“I think the only way to get out of it is to get back to work, hold ourselves accountable individually and as a team, and find a way to get on the same page,” he said. “We’re a disconnected group right now and it’s showing. We need to find a way to fight through that.”

Much like I had to fight through watching this game.

  • By the numbers, the Canucks gave up the most scoring chances of the season on Saturday night: 42, the answer to the great question of life, the universe, and everything, which is a bit ironic, because the Canucks had no answer for the Leafs. The Canucks seemed to be beaten to every loose puck and lose every puck battle.
     
  • “They’ve got a quick team. They’re a good team. They deserved to win tonight, they played better than we did,” said head coach Travis Green. “They were quicker and they were faster and made more plays, made more passes. For me, that explains it.”
     
  • Green seemed frustrated, biting off short answers to questions from the media, and it’s hard to blame him given the way his team is playing. “Everything looks difficult for our team,” he said at one point. “Simple plays look hard right now.” The players are making mistakes on basic elements of hockey that, at this point in their careers, shouldn’t need to be coached.
     
  • The Canucks got off to a rough start when Alex Edler took two quick penalties in the first five minutes. The Leafs scored on the first penalty and the Canucks couldn’t create any momentum the other way because of the second penalty. It was the worst start since, “It was a dark and stormy night; the rain fell in torrents — except at occasional intervals, when it was checked by a violent gust of wind which swept up the streets (for it is in London that our scene lies), rattling along the housetops, and fiercely agitating the scanty flame of the lamps that struggled against the darkness.”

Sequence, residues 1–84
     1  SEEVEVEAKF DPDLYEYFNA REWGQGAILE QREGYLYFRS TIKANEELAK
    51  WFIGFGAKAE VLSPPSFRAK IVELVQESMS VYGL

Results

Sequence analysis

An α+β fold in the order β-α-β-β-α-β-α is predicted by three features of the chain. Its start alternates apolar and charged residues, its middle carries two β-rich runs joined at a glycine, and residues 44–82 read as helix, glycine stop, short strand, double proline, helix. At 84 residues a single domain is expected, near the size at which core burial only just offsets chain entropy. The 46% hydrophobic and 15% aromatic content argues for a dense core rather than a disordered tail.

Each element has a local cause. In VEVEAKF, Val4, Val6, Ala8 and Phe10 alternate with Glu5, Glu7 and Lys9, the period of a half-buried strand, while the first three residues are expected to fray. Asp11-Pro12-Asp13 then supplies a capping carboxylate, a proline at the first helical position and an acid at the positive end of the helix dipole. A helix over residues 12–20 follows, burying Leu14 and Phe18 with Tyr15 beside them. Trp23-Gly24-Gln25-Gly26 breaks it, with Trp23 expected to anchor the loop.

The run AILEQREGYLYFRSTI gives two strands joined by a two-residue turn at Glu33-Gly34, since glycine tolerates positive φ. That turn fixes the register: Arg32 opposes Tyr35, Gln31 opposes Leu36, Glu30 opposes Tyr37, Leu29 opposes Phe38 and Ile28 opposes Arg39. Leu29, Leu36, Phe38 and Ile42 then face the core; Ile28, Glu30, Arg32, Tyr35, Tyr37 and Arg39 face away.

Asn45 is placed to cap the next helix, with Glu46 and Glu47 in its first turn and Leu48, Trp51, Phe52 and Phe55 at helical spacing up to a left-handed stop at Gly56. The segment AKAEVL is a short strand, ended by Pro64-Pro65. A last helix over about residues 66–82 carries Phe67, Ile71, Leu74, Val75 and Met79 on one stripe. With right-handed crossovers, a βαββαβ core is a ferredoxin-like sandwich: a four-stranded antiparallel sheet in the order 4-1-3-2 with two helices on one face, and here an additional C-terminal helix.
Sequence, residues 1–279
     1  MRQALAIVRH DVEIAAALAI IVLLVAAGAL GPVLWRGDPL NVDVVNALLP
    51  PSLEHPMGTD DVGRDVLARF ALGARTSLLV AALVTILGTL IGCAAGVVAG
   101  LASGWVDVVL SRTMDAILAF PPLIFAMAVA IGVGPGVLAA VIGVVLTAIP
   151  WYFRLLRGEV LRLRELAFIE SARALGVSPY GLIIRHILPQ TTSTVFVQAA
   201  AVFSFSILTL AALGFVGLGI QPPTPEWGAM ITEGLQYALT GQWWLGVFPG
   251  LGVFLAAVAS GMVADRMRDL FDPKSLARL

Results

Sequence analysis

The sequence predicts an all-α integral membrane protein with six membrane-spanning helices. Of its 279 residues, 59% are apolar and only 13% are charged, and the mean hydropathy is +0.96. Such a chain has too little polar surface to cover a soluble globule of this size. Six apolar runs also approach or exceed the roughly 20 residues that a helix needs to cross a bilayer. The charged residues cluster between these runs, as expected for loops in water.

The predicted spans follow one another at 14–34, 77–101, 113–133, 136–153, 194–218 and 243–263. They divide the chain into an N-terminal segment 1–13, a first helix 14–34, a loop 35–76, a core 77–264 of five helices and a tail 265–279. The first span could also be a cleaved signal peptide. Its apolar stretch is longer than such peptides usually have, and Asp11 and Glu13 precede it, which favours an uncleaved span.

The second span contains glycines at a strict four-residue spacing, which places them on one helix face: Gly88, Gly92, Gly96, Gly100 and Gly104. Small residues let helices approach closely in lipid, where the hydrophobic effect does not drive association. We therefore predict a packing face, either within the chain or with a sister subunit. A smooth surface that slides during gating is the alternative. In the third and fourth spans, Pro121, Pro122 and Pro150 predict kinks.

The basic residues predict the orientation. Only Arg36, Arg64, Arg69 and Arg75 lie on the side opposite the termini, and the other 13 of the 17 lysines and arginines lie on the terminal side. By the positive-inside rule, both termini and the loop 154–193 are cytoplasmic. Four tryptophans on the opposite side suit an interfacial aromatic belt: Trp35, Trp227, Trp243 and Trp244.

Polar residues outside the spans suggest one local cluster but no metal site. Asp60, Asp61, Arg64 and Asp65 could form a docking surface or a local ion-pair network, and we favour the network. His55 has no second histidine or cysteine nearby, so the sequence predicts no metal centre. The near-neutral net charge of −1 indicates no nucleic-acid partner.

• The opening goal was a combination of a fantastic finish by Wayne Simmonds and some truly dreadful penalty killing by Tyler Myers. The giraffian defenceman got caught pressuring too high on Mitch Marner, then focused on taking away the stick of Alex Kerfoot in the slot, who was also being checked by Brandon Sutter, so Simmonds had all kinds of time to pick the top corner over Holtby from a tight angle.
     
  • The goal was frustrating enough without the bizarre celebratory graphic that went up on screen immediately after. “15 power play goals!” exclaimed the graphic, emblazoned with dozens of blue leaves, as Hockey Night in Canada seemingly forgot that it was a national broadcast that was meant to be unbiased. It wouldn't have looked out of place on the Leafs' Instagram.
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  • Auston Matthews made it 2-0 later in the first, catching Jalen Chatfield both flatfooted and too deep in his own zone. Matthews, with a full head of steam from the neutral zone, burned Chatfield with a quick move under his stick, then went under the bar with barely any indication that he was about to shoot the puck.
     
  • That was the start of a very bad night for Chatfield, who was on the ice for all four even-strength goals for the Leafs and was at least partly to blame on several of them. With the home-ice Leafs getting the last change, they got their top two lines out against Chatfield at every opportunity.